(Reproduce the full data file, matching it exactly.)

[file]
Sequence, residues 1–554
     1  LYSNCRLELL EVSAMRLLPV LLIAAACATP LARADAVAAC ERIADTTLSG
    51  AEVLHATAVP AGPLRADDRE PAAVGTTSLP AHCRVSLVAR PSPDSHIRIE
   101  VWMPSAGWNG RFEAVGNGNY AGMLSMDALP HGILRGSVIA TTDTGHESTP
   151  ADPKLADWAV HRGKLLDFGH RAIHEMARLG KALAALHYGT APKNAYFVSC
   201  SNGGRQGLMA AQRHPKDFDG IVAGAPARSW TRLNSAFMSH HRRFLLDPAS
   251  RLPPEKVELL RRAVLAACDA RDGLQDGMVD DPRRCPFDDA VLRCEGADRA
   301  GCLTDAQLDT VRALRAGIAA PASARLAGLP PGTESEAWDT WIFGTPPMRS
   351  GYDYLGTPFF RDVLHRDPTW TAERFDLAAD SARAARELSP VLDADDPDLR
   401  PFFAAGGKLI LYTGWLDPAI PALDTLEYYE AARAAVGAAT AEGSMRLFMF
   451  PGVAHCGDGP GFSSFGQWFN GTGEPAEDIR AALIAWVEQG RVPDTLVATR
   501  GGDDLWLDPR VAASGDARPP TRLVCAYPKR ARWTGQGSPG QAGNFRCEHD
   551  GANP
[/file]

Sequence, residues 1–554
     1  LYSNCRLELL EVSAMRLLPV LLIAAACATP LARADAVAAC ERIADTTLSG
    51  AEVLHATAVP AGPLRADDRE PAAVGTTSLP AHCRVSLVAR PSPDSHIRIE
   101  VWMPSAGWNG RFEAVGNGNY AGMLSMDALP HGILRGSVIA TTDTGHESTP
   151  ADPKLADWAV HRGKLLDFGH RAIHEMARLG KALAALHYGT APKNAYFVSC
   201  SNGGRQGLMA AQRHPKDFDG IVAGAPARSW TRLNSAFMSH HRRFLLDPAS
   251  RLPPEKVELL RRAVLAACDA RDGLQDGMVD DPRRCPFDDA VLRCEGADRA
   301  GCLTDAQLDT VRALRAGIAA PASARLAGLP PGTESEAWDT WIFGTPPMRS
   351  GYDYLGTPFF RDVLHRDPTW TAERFDLAAD SARAARELSP VLDADDPDLR
   401  PFFAAGGKLI LYTGWLDPAI PALDTLEYYE AARAAVGAAT AEGSMRLFMF
   451  PGVAHCGDGP GFSSFGQWFN GTGEPAEDIR AALIAWVEQG RVPDTLVATR
   501  GGDDLWLDPR VAASGDARPP TRLVCAYPKR ARWTGQGSPG QAGNFRCEHD
   551  GANP